VM145 The Master Hoof (Claw) Care Program: Summary Statistics From Three Years1 Jan K. Shearer, S. R. Van Amstel, A. Gonzalez-Sagues, and L. C. Shearer2 1. This document is VM145, one of a series of the College of Veterinary Medicine-Large Animal Clinical Sciences, Florida Cooperative Extension Service, Institute of Food and Agricultural Sciences, University of Florida. Original publication date August 7, 2002. Visit the EDIS Web Site at http://edis.ifas.ufl.edu. 2. Jan K. Shearer, D.V.M., Professor, College of Veterinary Medicine Large Animal Climical Sciences, Cooperative Extension Service, University of Florida, Gainesville, 32611. S. R. Van Amstel, Associate Professor, College of Veterinary Medicine, University of Tennessee, Knoxville. A. Gonzalez-Sagues, ANKA Hoof Care, Pamplona, Spain Private Veterinarians and Hoof Trimmers. L. Shearer, Course Coordinator, University of Florida. The Institute of Food and Agricultural Sciences is an equal opportunity/affirmative action employer authorized to provide research, educational information and other services only to individuals and institutions that function without regard to race, color, sex, age, handicap, or national origin. For information on obtaining other extension publications, contact your county Cooperative Extension Service office. Florida Cooperative Extension Service/Institute of Food and Agricultural Sciences/University of Florida/Christine Taylor Waddill, Dean. Lameness is recognized as one of the most costly clinical diseases of dairy cattle in North America. In large herds the sheer number of lame cows requires that dairies maintain good handling facilities and properly trained personnel for daily care of lameness conditions. In 1996, through a grant from the Florida dairy farmers, the Master Hoof Care Program was developed at the University of Florida. The objective of this program was (and is) to train dairy health care technicians and others in proper methods of foot care and claw trimming. The program is offered three times per year at the University of Florida and once annually at the University of Tennessee. In addition, since many employees on dairy farms throughout the United States are from Mexico or Central and South America, one of the three programs conducted in Florida is presented in Spanish with the assistance of Dr. Adrian Gonzalez from Spain. The course is divided into three parts. Part I of the course consists of one day of classroom instruction and three days of laboratory exercises at cooperating dairy farms. Course content is based on the Dutch trimming method described by Toussaint Raven. Part II of the course is conducted at the participants' homes or places of work where they may continue to practice and further develop their skills before returning to either the University of Florida or Tennessee to complete Part III, a written/oral and laboratory practical examination. As of the writing of this abstract, 194 persons have taken part I of the course. Of these, 19 identified themselves as owners of dairy farms, 102 as dairy health care technicians (dairy farm employees), 25 as professional hoof trimmers, 10 as veterinarians, and 9 as agri-business workers. The remaining persons serve in academia or other areas related to the dairy industry. Participants have come from 30 states (within the USA) and from 6 countries outside the USA. To date, 17 people have successfully completed Part III, and three of these currently serve as laboratory instructors in the course. Participating dairy operations that have established foot care and claw trimming programs as a result cite a reduction in the premature loss of cows to lameness as one of the most noticeable economic benefits observed. This has prompted some dairies to expand their programs beyond the care of lame cows to include maintenance trimming programs. Several participants have taken the course and subsequently started claw trimming businesses. Still others (dairy farmers, veterinarians, and persons in agri-business)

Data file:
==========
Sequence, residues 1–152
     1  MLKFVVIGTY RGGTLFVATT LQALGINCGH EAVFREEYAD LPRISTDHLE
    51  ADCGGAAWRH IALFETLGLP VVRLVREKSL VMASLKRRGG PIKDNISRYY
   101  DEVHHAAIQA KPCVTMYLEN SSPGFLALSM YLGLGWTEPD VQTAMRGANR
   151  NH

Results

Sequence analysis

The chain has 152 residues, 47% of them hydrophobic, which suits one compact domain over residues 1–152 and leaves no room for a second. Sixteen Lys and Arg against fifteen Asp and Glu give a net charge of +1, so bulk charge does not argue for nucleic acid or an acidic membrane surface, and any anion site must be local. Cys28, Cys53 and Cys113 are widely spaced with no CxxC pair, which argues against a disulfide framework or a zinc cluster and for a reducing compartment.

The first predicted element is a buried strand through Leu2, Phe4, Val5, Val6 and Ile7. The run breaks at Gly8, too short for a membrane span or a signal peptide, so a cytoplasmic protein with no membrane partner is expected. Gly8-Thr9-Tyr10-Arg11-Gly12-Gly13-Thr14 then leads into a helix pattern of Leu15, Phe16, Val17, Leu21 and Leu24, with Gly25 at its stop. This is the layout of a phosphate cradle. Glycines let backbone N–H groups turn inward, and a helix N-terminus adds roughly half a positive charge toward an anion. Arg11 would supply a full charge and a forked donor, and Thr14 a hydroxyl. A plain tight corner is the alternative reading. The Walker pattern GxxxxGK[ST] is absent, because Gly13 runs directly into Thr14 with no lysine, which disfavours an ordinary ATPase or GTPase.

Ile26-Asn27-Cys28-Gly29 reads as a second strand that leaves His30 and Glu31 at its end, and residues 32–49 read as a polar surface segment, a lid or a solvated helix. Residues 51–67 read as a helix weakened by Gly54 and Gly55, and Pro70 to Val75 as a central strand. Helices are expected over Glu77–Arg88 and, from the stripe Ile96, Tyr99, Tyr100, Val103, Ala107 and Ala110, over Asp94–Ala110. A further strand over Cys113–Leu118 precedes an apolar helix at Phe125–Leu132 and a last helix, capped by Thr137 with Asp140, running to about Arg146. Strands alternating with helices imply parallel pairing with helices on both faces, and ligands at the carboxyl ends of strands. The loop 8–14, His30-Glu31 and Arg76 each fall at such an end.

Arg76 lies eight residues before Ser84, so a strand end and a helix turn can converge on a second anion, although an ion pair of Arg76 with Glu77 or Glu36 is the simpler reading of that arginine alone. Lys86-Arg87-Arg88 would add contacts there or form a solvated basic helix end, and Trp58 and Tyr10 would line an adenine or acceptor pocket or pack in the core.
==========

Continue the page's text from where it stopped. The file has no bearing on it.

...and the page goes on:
The Master Hoof (Claw) Care Program: Summary Statistics From Three Years 2 have taken the course with little intention to later treat or trim claws. Instead, they simply wanted to have a better understanding of foot problems and claw trimming procedures.